The Transit Steamer Line stations are designed to look like warehouses where these boats could pick up and deliver cargo. A sharp eye will notice that the station in Mediterranean Harbor has a number of wine barrels and crates with the name Zambini Brothers stenciled on them. Just across the way from the station is the Zambini Brothers' Ristorante, which is designed to look like a winery.


Mediterranean Harbor  Tokyo Disney Sea


For me, the best part of Mediterranean Harbor is Fortress Explorations. Think Tom Sawyer Island meets Leonardo da Vinci. This is a medieval castle with numerous chambers and pathways to explore.


Mediterranean Harbor  Tokyo Disney Sea


Here are just a few of the treasures you'll discover.

An ancient planetarium.


An ancient planetarium in Fortress Explorations Mediterranean Harbor at Tokyo DisneySea


A pendulum that demonstrates the rotation of the earth.


 A Pendulum in Fortress Explorations Mediterranean Harbor at Tokyo DisneySea


Miniature galleons you can pilot by remote control.


 Miniature galleons in Fortress Explorations Mediterranean Harbor at Tokyo DisneySea


A flying machine da Vinci might have invented.


A flying machine in Fortress Explorations Mediterranean Harbor at Tokyo DisneySea


An old sailing ship.


An old sailing ship in Fortress Explorations Mediterranean Harbor at Tokyo DisneySea


Another hidden treasure in Fortress Explorations is Magellan's Restaurant.


Magellan's Restaurant


Here, diners enjoy a meal under an ancient globe of the world. Intricately carved wood, wrought iron chandeliers, and stucco walls conjure up images of old Florence and one might imagine that this is how the Medici's once dined. Alcohol is served at Tokyo DisneySea and Magellan's offers an extensive wine list. This is a restaurant where you'll want to spend several hours, soaking up the lush atmosphere, casually enjoying a multi-course meal, and then finish it up with a fine liqueur.


Magellan's Restaurant


Magellan's Restaurant

Next blog, American Waterfront

June 23, 2008

American Waterfront – New York City - Tokyo DisneySea

American Waterfront can be divided into three sections, New York City, New York Harbor, and Cape Cod.

The time? Just after the turn of the 20th century.

Let's start with New York City. This is the first section of American Waterfront that you come to when leaving Mediterranean Harbor. McDuck's Department Store greets you as you start your walk down either of two streets.


American Waterfront New York City Tokyo DisneySea


The street to the left would be considered the "better neighborhood" of the two. Here, the buildings are nicely kept and the paint is fresh. Take the time to read some of the advertisements in the windows. There are so many clever signs and very often, the same name pops up again and again as a story starts to emerge.


American Waterfront New York City Tokyo DisneySea


American Waterfront New York City Tokyo DisneySea


American Waterfront New York City Tokyo DisneySea


The street to the right is closer to the docks and part of it runs underneath the elevated railway. These aspects contribute to give this area a seedier feel. The street has a more run-down atmosphere to it. The detail here is outstanding. Both of these streets are far superior to the "Streets of America" at Disney's Hollywood Studios.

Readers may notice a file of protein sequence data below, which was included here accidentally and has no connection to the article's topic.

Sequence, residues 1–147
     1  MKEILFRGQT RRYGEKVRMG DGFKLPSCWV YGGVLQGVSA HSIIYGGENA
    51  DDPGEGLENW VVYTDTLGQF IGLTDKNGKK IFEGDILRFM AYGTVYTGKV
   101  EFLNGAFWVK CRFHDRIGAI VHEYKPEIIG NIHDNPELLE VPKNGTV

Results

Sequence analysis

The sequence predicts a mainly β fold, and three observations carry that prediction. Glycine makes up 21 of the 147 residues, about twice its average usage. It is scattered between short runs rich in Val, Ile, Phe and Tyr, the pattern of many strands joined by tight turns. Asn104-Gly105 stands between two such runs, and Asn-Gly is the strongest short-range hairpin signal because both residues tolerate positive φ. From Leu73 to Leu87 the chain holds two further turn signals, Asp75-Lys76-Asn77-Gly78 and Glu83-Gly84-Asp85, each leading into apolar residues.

American Waterfront New York City Tokyo DisneySea


American Waterfront New York City Tokyo DisneySea


The New York City section of American Waterfront is also where you can board one of the Big City Vehicles. These are old fashioned automobiles that take you on leisurely drive through the City, along the Harbor, and finally ending in the Cape Cod section. This is a one-way trip so plan accordingly.


Big City Vehicles American Waterfront New York City Tokyo DisneySea


One of the big attractions in this area is the Broadway Music Theatre. This is a first-rate theatre. The kind you'd actually find on Broadway - not what you'd associate with a theme park. The stage has multiple elevators, a huge fly area, and seating for 1,500 people. The shows produced here are top notch and professional in every sense.


Broadway Music Theatre American Waterfront New York City Tokyo DisneySea


Broadway Music Theatre American Waterfront New York City Tokyo DisneySea


Currently playing at the Broadway Music Theatre is "Big Band Beat." An energetic group of tap dancers and singers are backed up by a twelve-piece orchestra that sits at the back of the stage. The thirty minute production is presented in English and climaxes with Mickey Mouse on the drums and then he joins the dancers in a big finale. This is a "must see" show!

Close to the theatre you will find the DisneySea Electric Railway. This is an elevated electric trolley reminiscent of those found in many east coast American cities in the early 1900's. The trolleys run from American Waterfront to Port Discovery. This is a one-way trip and you must exit and re-queue to return.


DisneySea Electric Railway American Waterfront Tokyo DisneySea

DisneySea Electric Railway American Waterfront Tokyo DisneySea